I’ve been reading ‘self-improvement’ books for the last five years. Some of those books dealt with financial and life management, where you leverage the money you earn to create more value for yourself. But until you reach that point in your life, it’s only a theoretical exercise to engage with – there is no point in thinking deeply into investing options or buying your way into freedom until you have money to buy options. I’m sure there are self-improvement adherents who will vehemently disagree with this, but the reality is you aren’t going to gain access to the game by saving money not buying lattes or avocado toast unless you are playing a really long game with a lot of good luck.
I’ve now hit a point in my life where options have opened up for my family, and we can make choices and trade-offs to build out a lifestyle that works best for our goals. This is not to say that all options are available to us – we have to carefully look at the tradeoffs and determine whether the downsides of any option are something we are comfortable living with (e.g. to pay for a given option, should we, say, reduce from two cars to one).
Part of this exercise is critically examining each of our assumptions and systems to determine if they are moving us towards what we want, or if they need to change to better align with what we want. This is where the concept of leverage has entered my mind, because when evaluating costs or expenses, it’s important to note that not all expenses are net negative. Some expenditures end up buying more value than what we spend on them.
This is the game in a nutshell – you trade your time for money. Money represents quantified time and effort that can be exchanged in markets with mixed goods. I spend time at work and my employer gives me money in return. I then take that money to purchases goods or services.
Until now, most of the way I thought about the game was surface-level transactions of 1:1 value transfer – I work x-hours for y-dollars. I then trade y-dollars for a good or service with a transactional value of y-dollars. I haven’t really given much thought to the value (that is, how much I value it subjectively) of the good or service provided back to me, and whether that value is higher than what I’m spending. I suppose I’ve thought about it in an abstract way, such as I receive more enjoyment from the thing than the money I spent on it; the opportunity cost is not higher than the value I’m getting from it.
By focusing on the surface-level transactions, the only metric that was critical was to ensure the revenue was not exceeded by the expenses, that I wasn’t spending more money to buy value than I was getting in exchange for my labour. It’s worked up until now, but the direction my family wants to head requires me to think more deeply about what those expenses are buying us.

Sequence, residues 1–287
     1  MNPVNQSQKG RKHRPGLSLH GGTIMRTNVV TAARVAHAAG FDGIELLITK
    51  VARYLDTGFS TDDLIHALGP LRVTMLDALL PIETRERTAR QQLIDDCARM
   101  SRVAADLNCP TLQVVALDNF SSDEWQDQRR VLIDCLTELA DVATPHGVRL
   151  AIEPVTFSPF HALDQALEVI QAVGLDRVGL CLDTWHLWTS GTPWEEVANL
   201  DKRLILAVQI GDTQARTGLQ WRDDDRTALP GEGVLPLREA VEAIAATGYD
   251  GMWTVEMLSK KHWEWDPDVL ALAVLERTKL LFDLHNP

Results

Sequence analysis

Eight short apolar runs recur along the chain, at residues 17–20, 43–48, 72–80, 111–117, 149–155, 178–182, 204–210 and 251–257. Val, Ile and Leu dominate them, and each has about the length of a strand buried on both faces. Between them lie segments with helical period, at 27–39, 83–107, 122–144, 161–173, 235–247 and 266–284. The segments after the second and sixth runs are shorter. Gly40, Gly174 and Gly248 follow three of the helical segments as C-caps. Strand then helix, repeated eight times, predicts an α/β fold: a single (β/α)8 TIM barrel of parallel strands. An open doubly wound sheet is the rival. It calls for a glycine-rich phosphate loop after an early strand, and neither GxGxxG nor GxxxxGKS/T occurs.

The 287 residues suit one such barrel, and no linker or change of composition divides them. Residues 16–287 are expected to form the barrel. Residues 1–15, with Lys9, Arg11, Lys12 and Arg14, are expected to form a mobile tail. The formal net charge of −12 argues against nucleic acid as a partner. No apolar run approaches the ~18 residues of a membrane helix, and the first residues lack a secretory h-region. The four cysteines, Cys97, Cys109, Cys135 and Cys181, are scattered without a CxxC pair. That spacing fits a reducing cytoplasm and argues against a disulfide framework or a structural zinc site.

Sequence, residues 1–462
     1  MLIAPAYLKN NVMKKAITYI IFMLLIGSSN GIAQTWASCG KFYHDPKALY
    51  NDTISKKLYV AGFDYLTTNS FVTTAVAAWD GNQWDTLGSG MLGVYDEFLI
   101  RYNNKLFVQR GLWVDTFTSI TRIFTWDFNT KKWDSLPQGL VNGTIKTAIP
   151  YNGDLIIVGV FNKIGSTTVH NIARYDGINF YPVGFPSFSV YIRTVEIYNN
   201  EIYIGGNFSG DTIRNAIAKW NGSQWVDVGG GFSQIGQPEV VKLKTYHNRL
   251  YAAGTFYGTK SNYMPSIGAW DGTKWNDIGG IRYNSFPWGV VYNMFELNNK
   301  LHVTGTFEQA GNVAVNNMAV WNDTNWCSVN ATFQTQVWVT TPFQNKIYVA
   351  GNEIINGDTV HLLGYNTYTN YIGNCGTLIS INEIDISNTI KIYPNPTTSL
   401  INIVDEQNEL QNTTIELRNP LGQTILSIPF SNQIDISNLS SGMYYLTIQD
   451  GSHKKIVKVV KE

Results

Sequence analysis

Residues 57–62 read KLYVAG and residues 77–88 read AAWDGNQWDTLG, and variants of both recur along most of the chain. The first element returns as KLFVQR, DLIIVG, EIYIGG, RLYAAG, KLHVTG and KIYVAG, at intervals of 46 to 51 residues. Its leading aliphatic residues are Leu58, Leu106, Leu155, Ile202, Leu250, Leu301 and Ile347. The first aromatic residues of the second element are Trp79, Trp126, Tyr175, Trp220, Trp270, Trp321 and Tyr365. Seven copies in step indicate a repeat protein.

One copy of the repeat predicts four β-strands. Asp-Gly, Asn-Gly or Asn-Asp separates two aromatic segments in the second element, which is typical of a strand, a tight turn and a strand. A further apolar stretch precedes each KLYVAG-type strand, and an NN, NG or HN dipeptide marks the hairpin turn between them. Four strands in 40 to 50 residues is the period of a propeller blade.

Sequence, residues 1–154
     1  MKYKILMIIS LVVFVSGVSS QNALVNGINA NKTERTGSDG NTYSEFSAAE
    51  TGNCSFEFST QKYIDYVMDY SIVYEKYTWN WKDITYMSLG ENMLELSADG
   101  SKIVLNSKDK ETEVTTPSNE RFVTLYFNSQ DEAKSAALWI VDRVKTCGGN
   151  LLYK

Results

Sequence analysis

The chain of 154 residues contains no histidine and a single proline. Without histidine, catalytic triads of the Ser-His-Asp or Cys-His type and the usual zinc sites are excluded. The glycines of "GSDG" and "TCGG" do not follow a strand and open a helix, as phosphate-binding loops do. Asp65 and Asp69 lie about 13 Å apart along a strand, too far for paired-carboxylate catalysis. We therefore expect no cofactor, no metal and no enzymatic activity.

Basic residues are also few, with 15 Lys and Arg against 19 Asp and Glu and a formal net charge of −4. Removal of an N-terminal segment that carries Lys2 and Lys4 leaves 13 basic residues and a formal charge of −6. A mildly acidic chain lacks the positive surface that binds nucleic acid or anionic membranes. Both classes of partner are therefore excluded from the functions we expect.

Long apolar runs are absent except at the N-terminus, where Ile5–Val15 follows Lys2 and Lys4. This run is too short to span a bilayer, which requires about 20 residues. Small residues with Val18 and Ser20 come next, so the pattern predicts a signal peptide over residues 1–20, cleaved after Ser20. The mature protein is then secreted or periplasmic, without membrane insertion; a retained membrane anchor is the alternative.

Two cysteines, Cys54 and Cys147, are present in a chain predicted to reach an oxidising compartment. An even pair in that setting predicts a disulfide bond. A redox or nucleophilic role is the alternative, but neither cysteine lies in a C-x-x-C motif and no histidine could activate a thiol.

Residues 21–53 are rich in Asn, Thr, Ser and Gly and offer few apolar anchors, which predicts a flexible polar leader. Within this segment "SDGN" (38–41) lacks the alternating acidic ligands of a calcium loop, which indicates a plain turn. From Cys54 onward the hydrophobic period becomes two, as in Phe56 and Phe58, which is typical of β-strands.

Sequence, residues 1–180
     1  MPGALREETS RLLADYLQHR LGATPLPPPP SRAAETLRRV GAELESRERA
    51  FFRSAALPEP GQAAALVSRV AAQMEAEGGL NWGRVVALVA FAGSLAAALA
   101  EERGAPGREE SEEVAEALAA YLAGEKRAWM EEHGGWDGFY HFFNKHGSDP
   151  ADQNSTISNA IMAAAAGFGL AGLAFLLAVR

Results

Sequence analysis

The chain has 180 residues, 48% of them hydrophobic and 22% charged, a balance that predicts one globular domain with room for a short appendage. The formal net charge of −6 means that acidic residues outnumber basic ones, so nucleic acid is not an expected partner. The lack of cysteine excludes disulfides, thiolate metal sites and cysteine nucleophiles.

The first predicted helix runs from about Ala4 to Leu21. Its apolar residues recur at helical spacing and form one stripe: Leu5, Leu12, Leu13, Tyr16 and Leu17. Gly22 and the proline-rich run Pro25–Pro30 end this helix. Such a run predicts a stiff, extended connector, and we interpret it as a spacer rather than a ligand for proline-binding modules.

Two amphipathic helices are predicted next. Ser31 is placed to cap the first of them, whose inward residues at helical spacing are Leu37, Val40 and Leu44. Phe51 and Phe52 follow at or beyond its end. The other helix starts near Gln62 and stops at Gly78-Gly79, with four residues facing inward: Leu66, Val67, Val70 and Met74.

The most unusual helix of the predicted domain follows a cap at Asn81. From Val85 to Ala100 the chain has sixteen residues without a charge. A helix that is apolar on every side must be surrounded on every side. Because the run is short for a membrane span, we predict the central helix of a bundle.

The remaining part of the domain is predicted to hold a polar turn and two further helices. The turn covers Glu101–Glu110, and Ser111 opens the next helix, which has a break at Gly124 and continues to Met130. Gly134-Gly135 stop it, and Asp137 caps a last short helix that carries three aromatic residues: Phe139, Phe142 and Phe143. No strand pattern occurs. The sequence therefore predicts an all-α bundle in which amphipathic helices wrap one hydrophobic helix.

Ideally, I should be seeking to engage leverage – I trade time for money, then use the money to buy time in greater quantities. What might this look like?
- With my wages, I can lease or own a car. The money I spend on the car frees me up to commute to work on my own terms. I could get to work more cheaply, such as public transportation or cycling (ignoring environmental costs in this calculation), but then I’m trading cost for time. Having my own vehicle is more convenient, more comfortable, and faster, allowing me to maximize time at work and time at home.
- With my wages, I can pay for cleaners to clean my house. This frees up more leisure time and cuts down on bickering in the house. It is cheaper for me to buy the supplies and do it myself, but I value the leisure and time with my family more than the cost.
- With my wages, I can pay for daycare for our child. My spouse or I could quit our job to care for our child at home full time and save the money. However, the money we spend on childcare frees us up to earn multiples of what we spend for the childcare – e.g. at $1,000/month, we would spend $12,000/year for daycare so that we can make north of 5x of that in our jobs.
This is not an easy exercise as many of our expenses feel necessary on the one hand, or scary large in context. However at this point in our lives, we have to accept that our raw effort will only diminish (I can’t work all-nighters like I used to without significant physical cost), and there are no more hours in a day we can squeeze out through discipline and efficiency. We must now turn to leverage and force multipliers to translate what we have into higher value.